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You may need to replace your business phone system for a variety of reasons. If the phone system has either fully depreciated in value or is experiencing hardware failure, it's time to replace it.
There may be negative consequences to replacing your business phone system, such as potential downtime and lost voicemails or customer contacts from the previous system, which could be a limiting factor in how you choose to handle replacing it. If your system has fully depreciated and such consequences arise, see if any trade-in promotions are available.
It's important to know if an upgrade path outside of a wholesale swap exists. Your salesperson may know of end-of-year trade-ins or companies willing to purchase old equipment.
Prepare for failing hardware
Failing hardware may indicate it's time to replace your business phone system. Determine if local or on-staff support can deal with failing hardware. If the resources aren't available locally, it's important to determine how these services will be performed going forward.
If you have the necessary support, the next step is determining which failing parts are most expensive to replace. You should also factor in the services and time required to fix or replace failing hardware to make you have the appropriate budget.
In some cases, the original manufacturer may have spare parts available for purchase. It's a good idea to have multiple sources for parts. An entire industry exists to service and maintain end-of-life equipment. These companies buy used assets, stock up on parts from popular manufacturers and provide maintenance contracts on everything, including generators, phone switches and network switches.
Also, investigate if gateways or other transition equipment are available to stretch your investment or make the turnover easier by enabling you to use the new services through the old system during the transition.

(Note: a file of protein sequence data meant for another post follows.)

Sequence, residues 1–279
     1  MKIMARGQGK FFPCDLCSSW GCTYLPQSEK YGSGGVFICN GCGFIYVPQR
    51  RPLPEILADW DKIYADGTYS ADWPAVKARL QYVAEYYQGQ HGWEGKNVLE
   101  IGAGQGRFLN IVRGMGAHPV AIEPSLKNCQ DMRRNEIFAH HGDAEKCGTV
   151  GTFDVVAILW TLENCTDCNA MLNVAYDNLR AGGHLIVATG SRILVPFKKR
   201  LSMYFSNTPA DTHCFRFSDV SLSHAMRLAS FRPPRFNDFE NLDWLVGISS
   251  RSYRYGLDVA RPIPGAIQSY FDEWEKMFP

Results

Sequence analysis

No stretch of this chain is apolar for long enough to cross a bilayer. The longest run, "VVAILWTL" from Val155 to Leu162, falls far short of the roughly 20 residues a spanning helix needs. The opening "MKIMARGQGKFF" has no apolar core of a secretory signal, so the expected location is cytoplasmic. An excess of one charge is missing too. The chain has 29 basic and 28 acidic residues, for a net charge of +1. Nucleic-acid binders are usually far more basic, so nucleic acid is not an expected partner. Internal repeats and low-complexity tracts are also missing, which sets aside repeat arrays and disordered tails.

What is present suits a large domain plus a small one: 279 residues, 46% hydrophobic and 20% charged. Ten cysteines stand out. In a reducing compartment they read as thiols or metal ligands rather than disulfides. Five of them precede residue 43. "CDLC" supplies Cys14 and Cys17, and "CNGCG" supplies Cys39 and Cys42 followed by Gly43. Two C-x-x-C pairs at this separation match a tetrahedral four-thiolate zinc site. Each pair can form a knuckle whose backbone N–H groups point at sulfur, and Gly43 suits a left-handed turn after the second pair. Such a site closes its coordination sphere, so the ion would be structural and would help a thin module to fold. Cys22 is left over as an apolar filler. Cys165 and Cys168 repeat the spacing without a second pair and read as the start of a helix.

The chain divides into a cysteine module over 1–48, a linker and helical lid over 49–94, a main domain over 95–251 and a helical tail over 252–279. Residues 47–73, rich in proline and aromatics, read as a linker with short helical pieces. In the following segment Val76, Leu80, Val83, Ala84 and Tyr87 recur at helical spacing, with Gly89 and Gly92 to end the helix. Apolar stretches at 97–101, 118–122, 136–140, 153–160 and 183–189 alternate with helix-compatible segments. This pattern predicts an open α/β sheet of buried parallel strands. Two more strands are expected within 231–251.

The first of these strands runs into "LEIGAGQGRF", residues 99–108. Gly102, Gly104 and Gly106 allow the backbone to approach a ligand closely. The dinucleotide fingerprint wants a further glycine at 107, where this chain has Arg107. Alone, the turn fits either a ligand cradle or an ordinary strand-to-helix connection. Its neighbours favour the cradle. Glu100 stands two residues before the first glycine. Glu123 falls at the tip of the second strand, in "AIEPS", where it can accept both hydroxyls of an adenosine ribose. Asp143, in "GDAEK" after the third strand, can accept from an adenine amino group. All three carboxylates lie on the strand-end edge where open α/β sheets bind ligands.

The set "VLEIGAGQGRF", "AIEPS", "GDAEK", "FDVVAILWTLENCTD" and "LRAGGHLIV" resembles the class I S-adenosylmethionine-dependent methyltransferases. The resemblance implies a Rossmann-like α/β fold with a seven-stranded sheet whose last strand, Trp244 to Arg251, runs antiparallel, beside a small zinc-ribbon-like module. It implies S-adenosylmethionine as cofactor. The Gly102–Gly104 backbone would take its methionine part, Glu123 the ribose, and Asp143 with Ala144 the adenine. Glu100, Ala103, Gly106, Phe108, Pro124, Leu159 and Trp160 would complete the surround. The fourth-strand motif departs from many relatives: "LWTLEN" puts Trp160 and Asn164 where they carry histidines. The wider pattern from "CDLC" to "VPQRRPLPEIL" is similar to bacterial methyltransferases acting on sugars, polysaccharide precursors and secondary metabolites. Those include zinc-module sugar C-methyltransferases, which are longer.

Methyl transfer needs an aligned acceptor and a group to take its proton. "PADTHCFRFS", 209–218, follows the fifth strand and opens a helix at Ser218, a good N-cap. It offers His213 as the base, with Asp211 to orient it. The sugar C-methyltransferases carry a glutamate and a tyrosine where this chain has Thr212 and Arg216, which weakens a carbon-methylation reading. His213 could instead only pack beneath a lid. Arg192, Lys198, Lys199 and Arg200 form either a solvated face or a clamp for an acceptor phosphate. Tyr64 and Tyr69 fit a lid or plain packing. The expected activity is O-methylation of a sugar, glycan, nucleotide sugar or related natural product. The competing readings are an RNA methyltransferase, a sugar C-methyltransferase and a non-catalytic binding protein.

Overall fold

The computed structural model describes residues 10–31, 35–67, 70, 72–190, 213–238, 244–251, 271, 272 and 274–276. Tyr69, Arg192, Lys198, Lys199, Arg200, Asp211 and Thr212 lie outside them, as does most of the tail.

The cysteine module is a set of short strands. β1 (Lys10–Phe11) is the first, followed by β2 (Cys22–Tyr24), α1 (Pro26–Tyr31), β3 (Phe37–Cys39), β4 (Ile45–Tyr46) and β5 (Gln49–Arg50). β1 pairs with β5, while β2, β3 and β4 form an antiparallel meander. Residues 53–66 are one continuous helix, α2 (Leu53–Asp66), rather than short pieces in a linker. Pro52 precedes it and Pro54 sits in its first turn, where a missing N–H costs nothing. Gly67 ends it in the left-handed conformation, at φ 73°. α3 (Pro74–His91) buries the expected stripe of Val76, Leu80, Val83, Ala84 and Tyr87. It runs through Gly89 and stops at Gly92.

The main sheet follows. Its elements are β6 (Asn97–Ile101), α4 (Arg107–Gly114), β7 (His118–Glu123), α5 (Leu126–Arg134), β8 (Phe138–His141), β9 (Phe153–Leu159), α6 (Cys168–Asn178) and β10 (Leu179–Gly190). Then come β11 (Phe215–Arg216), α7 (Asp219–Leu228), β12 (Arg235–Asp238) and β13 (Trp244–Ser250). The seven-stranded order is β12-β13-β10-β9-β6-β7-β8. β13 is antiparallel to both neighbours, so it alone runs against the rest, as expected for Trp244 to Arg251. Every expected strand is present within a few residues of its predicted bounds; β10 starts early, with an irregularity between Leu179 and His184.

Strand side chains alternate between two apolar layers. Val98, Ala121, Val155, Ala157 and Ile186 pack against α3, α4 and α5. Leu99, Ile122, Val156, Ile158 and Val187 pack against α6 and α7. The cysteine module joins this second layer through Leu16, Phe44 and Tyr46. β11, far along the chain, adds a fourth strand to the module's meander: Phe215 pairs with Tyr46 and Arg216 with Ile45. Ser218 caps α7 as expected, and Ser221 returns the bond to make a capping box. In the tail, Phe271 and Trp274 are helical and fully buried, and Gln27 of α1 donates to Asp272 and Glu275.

Get familiar with your vendor
Requests for information (RFIs) are a good way to check the availability and capacity a vendor can provide. In addition, it's worth asking what a provider is looking for in a customer to make sure that you are a good fit. For example, if a vendor focuses primarily on companies between 50 and 100 employees, an organization with 1,000 employees wouldn't be a good fit.
Services and hardware are changing, and you shouldn't accept the first option or recommendation without due diligence. This includes understanding cellular handovers, where your PBX transfers to an outside exchange, like a cellphone, to reduce the need to purchase desk phones for all employees. Cellular handovers can decrease additional hardware costs associated with VoIP phones, as organizations won't need to purchase switch ports, maintenance plans or software licensing. Always include a request for cost-saving alternatives in your RFI.
Choosing how to handle end-of-life for phone systems shouldn't be a knee-jerk reaction. A transition needs to be well researched and planned, weighing all options and financial implications.
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